There’s good, there’s great and there’s outstanding. Washington junior righthander Tim Lincecum has fallen into that final category for most of 2006. He was leading the nation with 174 strikeouts and 14.3 strikeouts per nine innings, and he was 11-3, 2.06 with three saves overall. How has the 6-foot, 165-pounder, regularly described by scouts and opponents–admiringly–as a freak of nature, done it? He talked to Will Kimmey to shed some light on his amazing season.
What’s different for you this year?
It’s been a lot of fun and I’m just really enjoying it. I came into this season, the summer was really good (in the Cape Cod League, posting a league-best 0.69 ERA). I wanted to get a little stronger, a little bigger, to get in better shape. This is the year I had to get it done. I wanted to go in the draft as a junior. I worked on the development of my slider and changeup. The first two years, it was pretty much fastball (and) curveball all the time. I’m throwing my slider a lot more now, using it more consistently. I’m more comfortable throwing it for a strike. The changeup, I can flash it any time I want. I use my curveball and slider equally. If I want a strike, I throw the slider, and the out pitch is the curveball. But I’ll mix them up. The change I flash probably about 10-15 pitches a game to get them thinking about that, too.
It gives me a better opportunity of making outs, it gives the batter more things to think about. I can throw more of these pitches for strikes and keep my walks down. It lets me pitch off my fastball and curveball. It makes it a lot easier to set up hitters.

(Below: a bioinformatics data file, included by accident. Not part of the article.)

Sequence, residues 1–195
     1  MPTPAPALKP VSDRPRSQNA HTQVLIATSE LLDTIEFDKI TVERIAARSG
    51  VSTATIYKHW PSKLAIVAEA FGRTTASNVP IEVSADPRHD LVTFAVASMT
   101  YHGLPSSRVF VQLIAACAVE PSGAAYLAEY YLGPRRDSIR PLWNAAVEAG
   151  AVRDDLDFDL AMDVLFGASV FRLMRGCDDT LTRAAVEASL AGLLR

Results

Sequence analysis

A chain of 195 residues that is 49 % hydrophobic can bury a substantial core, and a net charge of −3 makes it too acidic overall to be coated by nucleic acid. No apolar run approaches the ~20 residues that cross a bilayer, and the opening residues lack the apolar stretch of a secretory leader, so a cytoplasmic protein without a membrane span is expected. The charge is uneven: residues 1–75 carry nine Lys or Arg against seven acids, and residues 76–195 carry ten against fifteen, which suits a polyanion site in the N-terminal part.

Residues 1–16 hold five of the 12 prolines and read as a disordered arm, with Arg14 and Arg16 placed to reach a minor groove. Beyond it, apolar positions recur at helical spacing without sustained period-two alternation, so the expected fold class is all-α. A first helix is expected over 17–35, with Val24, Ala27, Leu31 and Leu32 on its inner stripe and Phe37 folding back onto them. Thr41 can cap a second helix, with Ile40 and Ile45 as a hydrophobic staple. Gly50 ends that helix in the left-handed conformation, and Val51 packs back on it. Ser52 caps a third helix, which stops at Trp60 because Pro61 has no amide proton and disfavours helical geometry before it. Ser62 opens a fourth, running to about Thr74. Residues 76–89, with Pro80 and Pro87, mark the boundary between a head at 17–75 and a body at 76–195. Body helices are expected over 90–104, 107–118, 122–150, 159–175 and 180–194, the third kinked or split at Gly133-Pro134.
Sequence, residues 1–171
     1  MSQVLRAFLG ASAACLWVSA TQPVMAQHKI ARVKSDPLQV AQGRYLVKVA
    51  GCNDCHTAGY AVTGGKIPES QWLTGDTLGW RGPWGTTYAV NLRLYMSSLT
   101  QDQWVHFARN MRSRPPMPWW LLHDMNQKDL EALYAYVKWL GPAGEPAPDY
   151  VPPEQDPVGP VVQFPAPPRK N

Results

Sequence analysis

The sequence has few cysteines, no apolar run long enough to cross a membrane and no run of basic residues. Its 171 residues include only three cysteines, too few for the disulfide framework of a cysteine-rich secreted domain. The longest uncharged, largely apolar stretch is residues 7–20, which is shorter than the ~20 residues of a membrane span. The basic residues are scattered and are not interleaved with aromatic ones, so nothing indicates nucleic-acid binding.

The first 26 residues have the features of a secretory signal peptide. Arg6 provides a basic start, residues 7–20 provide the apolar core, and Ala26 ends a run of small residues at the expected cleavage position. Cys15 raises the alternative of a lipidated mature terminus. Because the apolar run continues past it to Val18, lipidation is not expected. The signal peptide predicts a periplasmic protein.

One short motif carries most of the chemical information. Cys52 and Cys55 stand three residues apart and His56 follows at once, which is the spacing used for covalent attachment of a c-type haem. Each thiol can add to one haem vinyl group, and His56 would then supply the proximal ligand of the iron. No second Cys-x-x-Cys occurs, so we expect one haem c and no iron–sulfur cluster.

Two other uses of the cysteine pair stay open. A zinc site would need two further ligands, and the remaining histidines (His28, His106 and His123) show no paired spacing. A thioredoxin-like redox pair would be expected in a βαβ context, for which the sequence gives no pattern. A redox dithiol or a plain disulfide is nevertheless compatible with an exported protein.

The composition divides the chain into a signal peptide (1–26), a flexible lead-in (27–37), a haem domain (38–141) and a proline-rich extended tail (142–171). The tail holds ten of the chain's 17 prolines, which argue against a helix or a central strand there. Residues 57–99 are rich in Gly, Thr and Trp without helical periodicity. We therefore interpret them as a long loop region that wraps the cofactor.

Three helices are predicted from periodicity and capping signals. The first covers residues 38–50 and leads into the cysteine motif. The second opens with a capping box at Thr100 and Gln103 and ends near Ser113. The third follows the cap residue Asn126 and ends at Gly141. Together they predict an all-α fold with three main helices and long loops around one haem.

Your walk totals are down from 82 and 71 your first two seasons to 56 this year. How important is your improved command?
I’m sure my stats wouldn’t be nearly as good right now if I had walked as many as I used to. We’re always emphasizing . . . that freebies are a big deal; you can’t be walking or hitting batters. It’s gone down a lot since the last two years. It’s helped me get out of jams. I’m not always looking for that strikeout. That was a big deal with me the last two years, I was always looking for a strikeout, and most of the results were a walk because guys in college were more selective than in high school. With my command, I’ve increased my chances of throwing strikes and making outs.
Have scouts treated you different this season?
It’s been definitely different. They’re showing me more interest. Last year, they knew for a fact I was sophomore-eligible and I had more leverage than they did. My walks were really (making them) skeptical and the outings weren’t as consistent. Now they are. They’re talking to me more, they’re more comfortable with the pitching style that I have. Everybody has their own way of looking at me, whether they like me or not, I can’t do anything about that.
Do you worry about the persistent questions about your size?
Knowing that the size was a big factor, that’s why I tried to increase my size. I weighed 150 pounds when I came back from the Cape last summer, and I put on 15 to 20 pounds in the fall. I’ve been able to hold that pretty well. I’m sitting at 170 to 173 right now. They’ve pushed me to hold on to some weight. I’m not sure if my height’s a factor.
I eat like so much, I don’t know how to explain it. (My roommate) Richie Lentz jokes that he’s never seen anyone my size eat so much.
Maybe it’s the fact that I’m physically maturing a little bit more, my metabolism is slowing down. I try to eat everything I can. I don’t shy away from food. If my girlfriend wants to take me out for food, I’m definitely there. If my dad wants me to come over for chicken, I’m there. There isn’t a time where I say I’m not hungry.